[…] These luxuries are not new. I took advantage of them long before Uber became a verb, before the world saw the first iPhone in 2007, even before the first submarine fibre-optic cable landed on our shores in 1997. In my hometown of Mumbai, we have had many of these conveniences for at least as long as we have had landlines—and some even earlier than that.
A staggering 96 per cent of America’s net job growth since 1990 has come from sectors known to have low productivity (construction, retail, bars, restaurants, and other low-paying services were responsible for 46 percentage points of total growth) and sectors where low productivity is merely suspected in the absence of competition and proper measurement techniques (healthcare, education, government, and finance explain the remaining 50 percentage points):
We often hear that our big jobs problem is that workers without college degrees don’t have the skills needed for “today’s economy.” I’ve been thinking a lot about this chart (from Autor 2015), and I want to suggest that our problem for the last 15+ years has been basically the opposite. For some reason, the economy isn’t creating enough high value-added jobs for college grads and this is messing things up for everyone else.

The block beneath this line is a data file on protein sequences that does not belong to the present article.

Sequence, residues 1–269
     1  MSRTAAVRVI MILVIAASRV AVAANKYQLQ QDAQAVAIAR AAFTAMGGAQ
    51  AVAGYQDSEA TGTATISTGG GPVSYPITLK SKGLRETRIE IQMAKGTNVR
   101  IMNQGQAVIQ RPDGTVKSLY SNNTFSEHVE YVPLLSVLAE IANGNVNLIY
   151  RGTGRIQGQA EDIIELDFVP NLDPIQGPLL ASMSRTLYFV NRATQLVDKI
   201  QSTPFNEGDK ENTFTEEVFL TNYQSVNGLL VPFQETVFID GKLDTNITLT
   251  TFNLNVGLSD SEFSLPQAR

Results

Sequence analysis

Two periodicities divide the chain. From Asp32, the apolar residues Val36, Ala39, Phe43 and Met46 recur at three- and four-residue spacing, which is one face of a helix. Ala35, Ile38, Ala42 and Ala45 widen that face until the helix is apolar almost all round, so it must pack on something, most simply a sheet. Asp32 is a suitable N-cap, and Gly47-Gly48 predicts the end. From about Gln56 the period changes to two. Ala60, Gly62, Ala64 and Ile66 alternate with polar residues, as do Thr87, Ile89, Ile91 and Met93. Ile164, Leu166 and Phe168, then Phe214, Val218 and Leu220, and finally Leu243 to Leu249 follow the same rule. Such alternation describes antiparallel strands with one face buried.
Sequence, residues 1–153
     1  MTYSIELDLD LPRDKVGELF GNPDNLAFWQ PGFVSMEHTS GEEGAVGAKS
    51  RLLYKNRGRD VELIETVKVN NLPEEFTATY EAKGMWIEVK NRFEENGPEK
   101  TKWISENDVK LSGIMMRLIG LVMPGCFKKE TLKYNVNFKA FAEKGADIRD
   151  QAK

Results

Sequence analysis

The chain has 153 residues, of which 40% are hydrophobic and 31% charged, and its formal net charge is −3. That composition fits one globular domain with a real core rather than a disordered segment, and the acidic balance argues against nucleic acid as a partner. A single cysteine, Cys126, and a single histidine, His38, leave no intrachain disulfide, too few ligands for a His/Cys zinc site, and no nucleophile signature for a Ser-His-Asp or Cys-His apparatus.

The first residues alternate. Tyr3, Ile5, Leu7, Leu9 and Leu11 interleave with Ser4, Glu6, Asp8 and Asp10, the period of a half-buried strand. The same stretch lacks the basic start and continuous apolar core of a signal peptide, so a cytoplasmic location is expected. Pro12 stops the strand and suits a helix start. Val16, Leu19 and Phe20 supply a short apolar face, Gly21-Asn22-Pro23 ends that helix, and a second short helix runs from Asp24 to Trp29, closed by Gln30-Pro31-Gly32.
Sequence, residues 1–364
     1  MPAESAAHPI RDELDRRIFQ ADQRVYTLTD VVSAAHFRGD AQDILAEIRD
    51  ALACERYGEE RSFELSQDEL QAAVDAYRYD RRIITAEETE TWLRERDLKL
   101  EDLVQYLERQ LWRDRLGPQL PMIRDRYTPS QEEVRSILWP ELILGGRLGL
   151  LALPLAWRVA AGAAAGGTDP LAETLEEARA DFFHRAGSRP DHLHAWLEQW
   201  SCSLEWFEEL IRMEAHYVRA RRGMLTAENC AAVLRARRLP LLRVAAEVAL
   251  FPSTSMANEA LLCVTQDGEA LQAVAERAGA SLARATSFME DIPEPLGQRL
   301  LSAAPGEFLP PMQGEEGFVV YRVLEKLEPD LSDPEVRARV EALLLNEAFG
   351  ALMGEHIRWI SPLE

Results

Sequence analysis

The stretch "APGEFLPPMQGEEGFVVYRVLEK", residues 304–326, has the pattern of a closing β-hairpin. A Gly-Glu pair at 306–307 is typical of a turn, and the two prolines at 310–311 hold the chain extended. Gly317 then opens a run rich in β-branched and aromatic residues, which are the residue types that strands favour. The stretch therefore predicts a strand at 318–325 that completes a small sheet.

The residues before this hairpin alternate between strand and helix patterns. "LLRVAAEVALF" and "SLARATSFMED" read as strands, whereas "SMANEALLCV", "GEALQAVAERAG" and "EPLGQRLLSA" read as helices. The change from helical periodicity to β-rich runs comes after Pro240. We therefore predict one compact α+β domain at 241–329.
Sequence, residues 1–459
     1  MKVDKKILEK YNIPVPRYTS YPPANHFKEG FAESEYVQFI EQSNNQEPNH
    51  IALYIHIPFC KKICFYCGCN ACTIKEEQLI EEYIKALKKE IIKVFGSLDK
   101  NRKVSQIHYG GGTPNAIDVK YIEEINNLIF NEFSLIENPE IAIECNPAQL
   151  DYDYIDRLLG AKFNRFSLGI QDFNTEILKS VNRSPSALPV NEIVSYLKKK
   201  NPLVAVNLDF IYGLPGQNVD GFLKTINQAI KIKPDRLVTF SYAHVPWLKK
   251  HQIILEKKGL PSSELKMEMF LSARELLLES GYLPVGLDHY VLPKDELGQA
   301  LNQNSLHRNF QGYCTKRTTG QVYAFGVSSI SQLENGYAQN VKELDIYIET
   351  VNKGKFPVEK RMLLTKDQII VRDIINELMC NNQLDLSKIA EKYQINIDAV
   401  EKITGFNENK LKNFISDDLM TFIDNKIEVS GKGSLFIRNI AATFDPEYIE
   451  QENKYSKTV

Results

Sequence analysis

In the 1980s we seemed to be headed toward a knowledge economy, with rapid employment growth among technicians, professionals and managers. […] But from 1999 to 2007 (and arguably beyond) something really unexpected happened. Growth in the share of highly skilled occupations plateaued while low skill job growth accelerated sharply. There was no increase in employment share above the bottom third of occupations. The economy just created a bunch of low-paying, low-skilled jobs. During the same period the 2 decade-long rise in the college wage premium abruptly stopped growing (Beaudry, Green and Sand 2014) and the rise in demand for non-routine analytical and interpersonal skills, ongoing since the 1970s, leveled off (Autor and Price 2013). […] What happened to the knowledge economy?
There are two explanations that hinge on technology, one secular and one cyclical […]
Nation of Slaves is Charles Stross’s pleasing employment-obsession rhetoric:
There are two tests I’d apply to any job when deciding whether it’s what anthropologist David Graeber terms a Bullshit Job.
Test (a): Is it good for you (the worker)?
Test (b): Is it good for other people? […]